Traditional Persian Desserts





Faloodeh or Paloodeh (Persian: پالوده Pālūde‎‎) is an Iranian cold dessert consisting of thin vermicelli noodles made from corn starchmixed in a semi-frozen syrup made from sugar and rose water. It is often served with lime juice and sometimes ground pistachios. It is a traditional dessert in Iran (Persia). Paloodeh is originally from Shiraz and it is also known as Shirazi Paloodeh.[1]

Paloodeh is one of the earliest forms of cold desserts, existing as early as 400 The name originally means smoothy (filtered) in Persian language. In Iran, Paloodeh is sold in ice cream stores (Persian: بستنی فروشی) (Bastani Forooshi) and coffee shops.[2]









Jalebi, also known as Zulbia, is a sweet popular in countries of South Asia, the West Asia, North Africa (except Morocco). It is made by deep-frying a wheat flour (maida flour) batter in pretzel or circular shapes, which are then soaked in sugar syrup. They are particularly popular in South Asia during Ramadan and Diwali.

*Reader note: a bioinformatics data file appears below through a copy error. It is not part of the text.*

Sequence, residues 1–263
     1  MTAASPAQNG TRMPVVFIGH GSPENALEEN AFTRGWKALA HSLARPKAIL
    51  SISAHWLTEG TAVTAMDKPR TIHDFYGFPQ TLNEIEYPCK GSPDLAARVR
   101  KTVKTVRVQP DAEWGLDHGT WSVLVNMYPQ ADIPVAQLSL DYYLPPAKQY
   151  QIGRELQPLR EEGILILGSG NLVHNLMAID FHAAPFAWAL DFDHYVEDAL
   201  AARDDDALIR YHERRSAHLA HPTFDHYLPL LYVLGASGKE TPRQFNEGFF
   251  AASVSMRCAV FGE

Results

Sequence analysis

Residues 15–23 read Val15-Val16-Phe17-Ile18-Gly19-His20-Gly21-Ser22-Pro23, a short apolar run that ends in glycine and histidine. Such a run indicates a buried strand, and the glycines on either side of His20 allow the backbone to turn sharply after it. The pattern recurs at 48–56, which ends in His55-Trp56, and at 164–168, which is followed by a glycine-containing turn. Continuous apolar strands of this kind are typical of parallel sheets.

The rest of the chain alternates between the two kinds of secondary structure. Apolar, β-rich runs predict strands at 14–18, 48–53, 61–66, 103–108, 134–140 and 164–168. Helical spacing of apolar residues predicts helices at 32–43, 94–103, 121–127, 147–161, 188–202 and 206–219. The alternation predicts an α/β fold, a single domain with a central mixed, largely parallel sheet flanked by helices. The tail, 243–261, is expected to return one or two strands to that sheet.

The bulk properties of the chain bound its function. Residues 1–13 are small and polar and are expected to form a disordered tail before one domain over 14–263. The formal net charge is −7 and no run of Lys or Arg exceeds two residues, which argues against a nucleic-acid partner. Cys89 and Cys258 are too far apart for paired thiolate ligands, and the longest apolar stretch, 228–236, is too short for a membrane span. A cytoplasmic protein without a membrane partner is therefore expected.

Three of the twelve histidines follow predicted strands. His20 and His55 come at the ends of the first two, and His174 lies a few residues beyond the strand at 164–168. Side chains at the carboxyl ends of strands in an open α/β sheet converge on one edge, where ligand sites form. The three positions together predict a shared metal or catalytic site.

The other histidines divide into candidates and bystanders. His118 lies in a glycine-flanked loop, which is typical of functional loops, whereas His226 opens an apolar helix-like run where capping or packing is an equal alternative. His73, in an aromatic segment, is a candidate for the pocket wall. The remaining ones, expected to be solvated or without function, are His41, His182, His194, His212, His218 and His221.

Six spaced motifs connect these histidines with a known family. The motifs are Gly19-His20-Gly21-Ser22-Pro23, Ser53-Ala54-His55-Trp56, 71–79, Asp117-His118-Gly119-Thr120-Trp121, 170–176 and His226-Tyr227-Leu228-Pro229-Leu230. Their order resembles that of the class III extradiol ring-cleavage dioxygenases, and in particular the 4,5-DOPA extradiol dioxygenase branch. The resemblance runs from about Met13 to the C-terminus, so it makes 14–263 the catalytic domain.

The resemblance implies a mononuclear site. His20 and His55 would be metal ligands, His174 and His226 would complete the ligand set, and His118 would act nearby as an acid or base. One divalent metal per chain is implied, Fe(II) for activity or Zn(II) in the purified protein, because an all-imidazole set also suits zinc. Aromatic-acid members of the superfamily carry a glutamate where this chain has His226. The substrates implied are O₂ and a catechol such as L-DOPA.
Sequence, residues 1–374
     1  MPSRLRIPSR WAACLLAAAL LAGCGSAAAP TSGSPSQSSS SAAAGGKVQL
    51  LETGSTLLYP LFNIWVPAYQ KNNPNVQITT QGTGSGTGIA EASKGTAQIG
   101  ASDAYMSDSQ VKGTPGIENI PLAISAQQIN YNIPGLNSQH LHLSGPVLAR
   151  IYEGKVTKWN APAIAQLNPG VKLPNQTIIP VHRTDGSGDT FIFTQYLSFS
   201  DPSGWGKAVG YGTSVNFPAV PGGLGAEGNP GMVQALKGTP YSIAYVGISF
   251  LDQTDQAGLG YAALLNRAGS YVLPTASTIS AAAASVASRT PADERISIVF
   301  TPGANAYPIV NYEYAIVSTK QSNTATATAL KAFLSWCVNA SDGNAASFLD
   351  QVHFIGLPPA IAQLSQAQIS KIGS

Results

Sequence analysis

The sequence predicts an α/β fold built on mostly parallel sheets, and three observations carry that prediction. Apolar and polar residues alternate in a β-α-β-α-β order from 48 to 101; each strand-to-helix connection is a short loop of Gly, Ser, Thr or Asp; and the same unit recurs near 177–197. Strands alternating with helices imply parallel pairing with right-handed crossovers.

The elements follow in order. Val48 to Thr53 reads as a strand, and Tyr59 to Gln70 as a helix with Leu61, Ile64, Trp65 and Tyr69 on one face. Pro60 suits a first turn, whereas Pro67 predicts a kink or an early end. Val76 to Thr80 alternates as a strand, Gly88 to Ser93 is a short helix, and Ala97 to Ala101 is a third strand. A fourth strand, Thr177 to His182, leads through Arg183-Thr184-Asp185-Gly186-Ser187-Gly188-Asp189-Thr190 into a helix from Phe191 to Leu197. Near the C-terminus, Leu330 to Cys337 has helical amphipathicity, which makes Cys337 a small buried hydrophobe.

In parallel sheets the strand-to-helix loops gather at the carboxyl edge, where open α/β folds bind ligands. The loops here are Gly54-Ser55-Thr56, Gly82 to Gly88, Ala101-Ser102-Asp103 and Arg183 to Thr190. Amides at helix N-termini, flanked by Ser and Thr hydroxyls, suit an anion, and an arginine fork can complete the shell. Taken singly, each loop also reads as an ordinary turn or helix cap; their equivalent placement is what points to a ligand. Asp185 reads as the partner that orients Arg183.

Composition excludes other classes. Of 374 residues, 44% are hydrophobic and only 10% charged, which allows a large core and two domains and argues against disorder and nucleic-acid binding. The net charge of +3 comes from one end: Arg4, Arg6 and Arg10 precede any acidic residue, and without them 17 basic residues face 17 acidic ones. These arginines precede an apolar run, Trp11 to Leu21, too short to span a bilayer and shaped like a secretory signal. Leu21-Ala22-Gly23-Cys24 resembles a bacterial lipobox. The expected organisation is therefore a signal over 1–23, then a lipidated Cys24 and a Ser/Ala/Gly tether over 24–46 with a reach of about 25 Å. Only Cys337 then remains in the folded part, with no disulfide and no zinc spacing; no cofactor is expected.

The sweets are served warm or cold. They have a somewhat chewy texture with a crystallized sugary exterior coating. Citric acid or lime juice is sometimes added to the syrup, as well as rose water. Jalebi is eaten with curd, rabri (North India) along with optional other flavours such as kewra (scented water).

This dish is not to be confused with similar sweets and variants like imarti and chhena jalebi




Baklava (/ˈbɑːkləvɑː/, /bɑːkləˈvɑː/,[1] or /bəˈklɑːvə/;[2] Ottoman Turkish: باقلوا [bɑːklɑvɑː]) is a rich, sweet pastry made of layers of filofilled with chopped nuts and sweetened and held together with syrup or honey. It is characteristic of the cuisines of the former Ottoman Empire, and is also found in Central and Southwest Asia.